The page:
I was so relieved when I read that Mickey Maudlin (my one-time boss and former managing editor of Christianity Today) reviewed Neil Gaiman's The Ocean at the End of the Lane.

Maybe I wasn't so off-base for finding what is essentially a ghost story one of the most spiritually significant books I'd read this year.

The book journeys into the dark and supernatural as the nameless "hero" revisits his childhood home where he encounters two mysterious women—unchanged in age or appearance—he befriended in his youth. Maudlin wrote:

I love how the plot leaves open so much—what really happened, who the three women really are (a female version of the Trinity), and how these events shaped the main character—but the open space is pregnant with all the great mysteries: of life, death, tragedy, hope, meaning, and identity.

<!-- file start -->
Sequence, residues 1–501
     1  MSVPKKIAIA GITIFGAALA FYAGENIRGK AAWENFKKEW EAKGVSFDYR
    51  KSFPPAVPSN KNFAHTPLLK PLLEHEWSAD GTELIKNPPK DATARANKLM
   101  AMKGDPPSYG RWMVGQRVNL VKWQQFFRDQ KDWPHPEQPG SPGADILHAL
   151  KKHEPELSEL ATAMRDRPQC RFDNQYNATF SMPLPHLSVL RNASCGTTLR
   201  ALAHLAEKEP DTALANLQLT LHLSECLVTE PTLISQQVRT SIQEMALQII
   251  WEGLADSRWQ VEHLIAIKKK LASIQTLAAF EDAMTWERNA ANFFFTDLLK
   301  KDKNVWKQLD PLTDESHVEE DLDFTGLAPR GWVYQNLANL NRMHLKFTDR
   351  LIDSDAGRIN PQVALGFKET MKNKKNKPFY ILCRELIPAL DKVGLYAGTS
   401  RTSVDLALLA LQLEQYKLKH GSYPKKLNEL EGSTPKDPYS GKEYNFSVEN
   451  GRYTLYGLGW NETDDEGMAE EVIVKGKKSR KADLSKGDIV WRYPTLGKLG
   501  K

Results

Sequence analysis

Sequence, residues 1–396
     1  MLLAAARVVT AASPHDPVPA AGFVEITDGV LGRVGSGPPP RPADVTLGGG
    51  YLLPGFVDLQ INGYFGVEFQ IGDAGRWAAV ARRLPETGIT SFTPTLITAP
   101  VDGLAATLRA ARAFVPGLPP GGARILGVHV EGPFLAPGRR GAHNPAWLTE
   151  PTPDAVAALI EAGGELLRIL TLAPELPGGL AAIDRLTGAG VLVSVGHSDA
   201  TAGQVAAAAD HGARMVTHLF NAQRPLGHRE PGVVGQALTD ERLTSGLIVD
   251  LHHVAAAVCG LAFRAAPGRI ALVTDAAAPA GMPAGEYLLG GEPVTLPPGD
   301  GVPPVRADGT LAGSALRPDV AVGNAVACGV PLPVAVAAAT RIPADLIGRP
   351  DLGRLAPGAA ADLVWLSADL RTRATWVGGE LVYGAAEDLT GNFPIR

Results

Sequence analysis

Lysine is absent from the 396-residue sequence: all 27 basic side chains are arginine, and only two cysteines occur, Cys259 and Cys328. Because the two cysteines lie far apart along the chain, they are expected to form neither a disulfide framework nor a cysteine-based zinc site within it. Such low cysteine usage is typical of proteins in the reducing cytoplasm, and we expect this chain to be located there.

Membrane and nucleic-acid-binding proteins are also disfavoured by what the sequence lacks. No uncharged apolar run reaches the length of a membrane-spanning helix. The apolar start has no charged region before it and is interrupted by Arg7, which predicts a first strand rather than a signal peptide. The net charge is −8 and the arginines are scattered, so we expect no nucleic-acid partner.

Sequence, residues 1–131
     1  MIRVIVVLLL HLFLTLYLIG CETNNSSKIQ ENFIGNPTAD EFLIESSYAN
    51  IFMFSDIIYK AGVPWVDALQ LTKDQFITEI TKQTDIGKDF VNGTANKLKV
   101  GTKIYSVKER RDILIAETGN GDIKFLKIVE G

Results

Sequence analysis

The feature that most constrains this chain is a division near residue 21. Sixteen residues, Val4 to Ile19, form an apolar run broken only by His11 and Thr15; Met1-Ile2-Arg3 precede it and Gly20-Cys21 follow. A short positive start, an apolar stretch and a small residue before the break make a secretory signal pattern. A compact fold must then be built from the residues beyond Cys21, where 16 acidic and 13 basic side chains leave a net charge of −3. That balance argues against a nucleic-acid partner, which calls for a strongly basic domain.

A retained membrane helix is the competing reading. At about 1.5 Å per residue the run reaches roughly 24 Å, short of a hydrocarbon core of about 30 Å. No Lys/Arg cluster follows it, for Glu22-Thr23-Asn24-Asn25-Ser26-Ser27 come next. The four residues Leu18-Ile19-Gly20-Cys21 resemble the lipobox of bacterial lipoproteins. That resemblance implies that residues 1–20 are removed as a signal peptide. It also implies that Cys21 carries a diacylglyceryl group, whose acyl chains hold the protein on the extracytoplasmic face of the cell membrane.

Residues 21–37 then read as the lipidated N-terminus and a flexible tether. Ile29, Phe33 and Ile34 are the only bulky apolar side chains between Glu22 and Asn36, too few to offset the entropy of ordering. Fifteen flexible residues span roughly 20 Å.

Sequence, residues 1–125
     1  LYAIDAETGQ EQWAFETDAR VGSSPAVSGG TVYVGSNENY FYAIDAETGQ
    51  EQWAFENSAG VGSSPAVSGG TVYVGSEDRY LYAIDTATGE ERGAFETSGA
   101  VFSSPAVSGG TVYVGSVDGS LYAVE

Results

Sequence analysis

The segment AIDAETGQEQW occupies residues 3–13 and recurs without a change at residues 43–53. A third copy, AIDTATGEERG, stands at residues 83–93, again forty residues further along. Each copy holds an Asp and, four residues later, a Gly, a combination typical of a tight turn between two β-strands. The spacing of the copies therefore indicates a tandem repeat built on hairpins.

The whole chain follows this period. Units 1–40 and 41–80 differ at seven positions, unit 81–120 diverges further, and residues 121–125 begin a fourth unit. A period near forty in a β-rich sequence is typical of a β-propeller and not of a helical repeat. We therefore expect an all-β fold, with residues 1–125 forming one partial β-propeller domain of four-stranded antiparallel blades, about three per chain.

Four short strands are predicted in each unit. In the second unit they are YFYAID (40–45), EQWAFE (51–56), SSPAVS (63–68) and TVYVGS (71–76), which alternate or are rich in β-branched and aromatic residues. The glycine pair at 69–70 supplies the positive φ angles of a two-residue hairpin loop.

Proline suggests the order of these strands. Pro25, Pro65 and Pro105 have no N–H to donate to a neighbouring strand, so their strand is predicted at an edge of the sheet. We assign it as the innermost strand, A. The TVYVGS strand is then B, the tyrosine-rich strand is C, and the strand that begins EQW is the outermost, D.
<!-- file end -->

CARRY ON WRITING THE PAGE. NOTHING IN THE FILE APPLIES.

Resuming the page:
I nearly cried. That was what I loved about the book, too, the open questions and unanswered mysteries. The longing I felt after one member of the story's Trinity leaves for a spell was nothing short of, "Come Lord Jesus." As a reader, I felt eager for her to return, to solve the mysteries, to end the questions and the aches left in her absence.

The Ocean at the End of the Lane exemplifies what draws me to all great ghost stories: These stories allow us to suspend our disbelief and surrender our emotions to the big and small frights, to the rushes and chills, to the unknown and unexpected, and to feel them, sit or jump at them.

When well-written or well-told, a ghost story's characters and settings and plot become real and transformative, and we sink deeply into its world. Realizing we have survived the frights, the adrenaline rushes, the unknown ...

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